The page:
Re: [PATCH] 2.4.21-rc1: byteorder.h breaks with __STRICT_ANSI__defined (trivial)
From: Martin Schlemmer
Date: Thu Nov 06 2003 - 15:28:59 EST
On Thu, 2003-11-06 at 22:05, David S. Miller wrote:
> On Thu, 06 Nov 2003 22:09:29 +0200
> Martin Schlemmer <azarah@xxxxxxxxxx> wrote:
> > On Thu, 2003-11-06 at 21:37, David S. Miller wrote:
> > > Let's say that you end up using some inline function
> > > that takes u32 arguments, and internally it uses
> > > u64 types to speed up the calculation or make it more
> > > accurate or something like that.
> > So basically only in cases where the stuff in byteorder.h
> > was not inlined ... ?
> No, exactly in the cases where it _IS_ inlined. Imagine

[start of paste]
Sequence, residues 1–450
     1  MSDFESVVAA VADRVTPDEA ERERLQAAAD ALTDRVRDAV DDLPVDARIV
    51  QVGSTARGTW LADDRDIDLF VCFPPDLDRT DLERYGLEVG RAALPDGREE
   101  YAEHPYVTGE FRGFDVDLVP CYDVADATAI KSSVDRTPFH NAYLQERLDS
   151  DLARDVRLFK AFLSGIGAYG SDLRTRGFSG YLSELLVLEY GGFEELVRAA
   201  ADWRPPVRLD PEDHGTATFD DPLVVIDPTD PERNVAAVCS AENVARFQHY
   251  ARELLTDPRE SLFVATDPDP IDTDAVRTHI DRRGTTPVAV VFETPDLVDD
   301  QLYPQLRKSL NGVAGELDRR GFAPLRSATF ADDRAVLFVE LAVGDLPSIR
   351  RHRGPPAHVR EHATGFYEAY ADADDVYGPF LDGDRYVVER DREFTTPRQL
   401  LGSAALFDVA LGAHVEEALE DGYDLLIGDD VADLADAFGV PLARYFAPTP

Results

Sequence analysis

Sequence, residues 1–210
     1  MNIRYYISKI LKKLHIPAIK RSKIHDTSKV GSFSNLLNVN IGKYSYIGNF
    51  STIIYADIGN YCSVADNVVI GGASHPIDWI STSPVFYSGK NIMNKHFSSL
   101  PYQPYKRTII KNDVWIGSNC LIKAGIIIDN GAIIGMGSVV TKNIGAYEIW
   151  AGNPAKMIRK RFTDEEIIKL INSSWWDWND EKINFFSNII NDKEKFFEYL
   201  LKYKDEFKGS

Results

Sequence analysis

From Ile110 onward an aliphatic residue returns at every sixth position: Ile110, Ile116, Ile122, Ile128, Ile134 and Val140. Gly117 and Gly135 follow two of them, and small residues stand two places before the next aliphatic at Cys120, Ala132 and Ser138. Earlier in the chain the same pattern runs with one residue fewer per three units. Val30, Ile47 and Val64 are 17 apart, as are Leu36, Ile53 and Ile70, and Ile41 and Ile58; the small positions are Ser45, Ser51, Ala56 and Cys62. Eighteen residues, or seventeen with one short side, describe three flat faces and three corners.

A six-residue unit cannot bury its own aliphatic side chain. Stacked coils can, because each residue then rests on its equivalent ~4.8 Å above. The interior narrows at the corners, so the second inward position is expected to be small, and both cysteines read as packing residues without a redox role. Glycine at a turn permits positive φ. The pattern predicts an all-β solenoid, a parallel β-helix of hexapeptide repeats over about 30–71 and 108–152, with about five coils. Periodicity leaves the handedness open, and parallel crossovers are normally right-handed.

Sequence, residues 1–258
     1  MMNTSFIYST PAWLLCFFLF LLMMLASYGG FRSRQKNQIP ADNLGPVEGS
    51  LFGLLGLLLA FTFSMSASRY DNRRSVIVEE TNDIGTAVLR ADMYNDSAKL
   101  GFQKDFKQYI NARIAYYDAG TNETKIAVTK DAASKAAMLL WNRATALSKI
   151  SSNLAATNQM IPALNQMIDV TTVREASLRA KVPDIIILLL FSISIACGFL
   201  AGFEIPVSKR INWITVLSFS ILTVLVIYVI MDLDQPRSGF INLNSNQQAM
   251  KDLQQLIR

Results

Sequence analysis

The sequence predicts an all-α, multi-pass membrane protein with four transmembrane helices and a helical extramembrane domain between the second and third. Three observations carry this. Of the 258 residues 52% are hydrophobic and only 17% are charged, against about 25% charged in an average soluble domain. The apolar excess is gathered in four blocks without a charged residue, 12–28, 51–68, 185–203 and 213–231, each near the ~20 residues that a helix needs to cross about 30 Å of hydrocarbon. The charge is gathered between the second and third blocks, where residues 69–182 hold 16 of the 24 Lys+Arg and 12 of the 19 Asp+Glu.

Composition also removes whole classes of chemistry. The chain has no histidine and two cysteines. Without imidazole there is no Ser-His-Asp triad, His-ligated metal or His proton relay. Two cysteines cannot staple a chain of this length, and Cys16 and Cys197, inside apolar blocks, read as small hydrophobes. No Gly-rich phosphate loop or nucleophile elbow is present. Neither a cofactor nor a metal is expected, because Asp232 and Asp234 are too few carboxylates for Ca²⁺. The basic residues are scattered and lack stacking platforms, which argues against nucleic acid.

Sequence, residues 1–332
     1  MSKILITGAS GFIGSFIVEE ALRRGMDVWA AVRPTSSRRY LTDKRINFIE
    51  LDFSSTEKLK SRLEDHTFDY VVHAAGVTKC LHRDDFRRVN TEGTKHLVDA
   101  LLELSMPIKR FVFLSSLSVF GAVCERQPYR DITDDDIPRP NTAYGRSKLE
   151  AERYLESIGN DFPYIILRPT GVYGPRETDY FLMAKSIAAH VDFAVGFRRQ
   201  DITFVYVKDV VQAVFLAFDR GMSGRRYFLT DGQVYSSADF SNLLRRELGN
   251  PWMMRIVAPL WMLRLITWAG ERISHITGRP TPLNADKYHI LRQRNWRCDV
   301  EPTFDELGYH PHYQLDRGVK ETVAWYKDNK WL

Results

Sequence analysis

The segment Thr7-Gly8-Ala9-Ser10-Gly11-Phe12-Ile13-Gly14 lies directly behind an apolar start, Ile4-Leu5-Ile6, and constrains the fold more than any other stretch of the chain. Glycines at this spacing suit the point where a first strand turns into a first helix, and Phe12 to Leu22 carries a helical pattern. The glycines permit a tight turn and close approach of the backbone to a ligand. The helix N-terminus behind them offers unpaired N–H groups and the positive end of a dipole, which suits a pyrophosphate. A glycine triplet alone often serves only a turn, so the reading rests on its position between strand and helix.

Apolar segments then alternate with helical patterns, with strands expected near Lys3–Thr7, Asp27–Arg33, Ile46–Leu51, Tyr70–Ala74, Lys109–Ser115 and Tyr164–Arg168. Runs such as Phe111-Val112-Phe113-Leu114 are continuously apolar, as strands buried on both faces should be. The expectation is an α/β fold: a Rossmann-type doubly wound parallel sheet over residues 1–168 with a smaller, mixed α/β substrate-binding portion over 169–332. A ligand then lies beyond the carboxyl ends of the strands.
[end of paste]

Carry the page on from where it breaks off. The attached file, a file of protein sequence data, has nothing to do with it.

> static inline u32 swab_foo(u32 a, u32 b)
> u64 tmp = ((u64)a<<32) | ((u64)b);
> u32 retval;
> retval = compute(tmp);
> return retval;
> If that's in a kernel header somewhere, and you build with -ansi,
> you lose.
If you look at asm/types.h, u64 is kernel only namespace, so in
theory that code will not be in userspace. Also, the whole idea
of this patch (the first one that touched byteorder.h, and not the
second that touched types.h), was to encase everything that used
__u64 that _is_ in userspace in __STRICT_ANSI__. If there thus
was another place that did use __u64 outside a ifdef __STRICT_ANSI__,
the compile would anyhow stop with -ansi.
Your above example would thus look more like:
#if defined(__GNUC__) && !defined(__STRICT_ANSI__)
static inline __u32 swab_foo(__u32 a, __u32 b)
__u64 tmp = ((__u64)a<<32) | ((__u64)b);
retval = compute(tmp);
<code without __u64>
which in theory should not have an issue.
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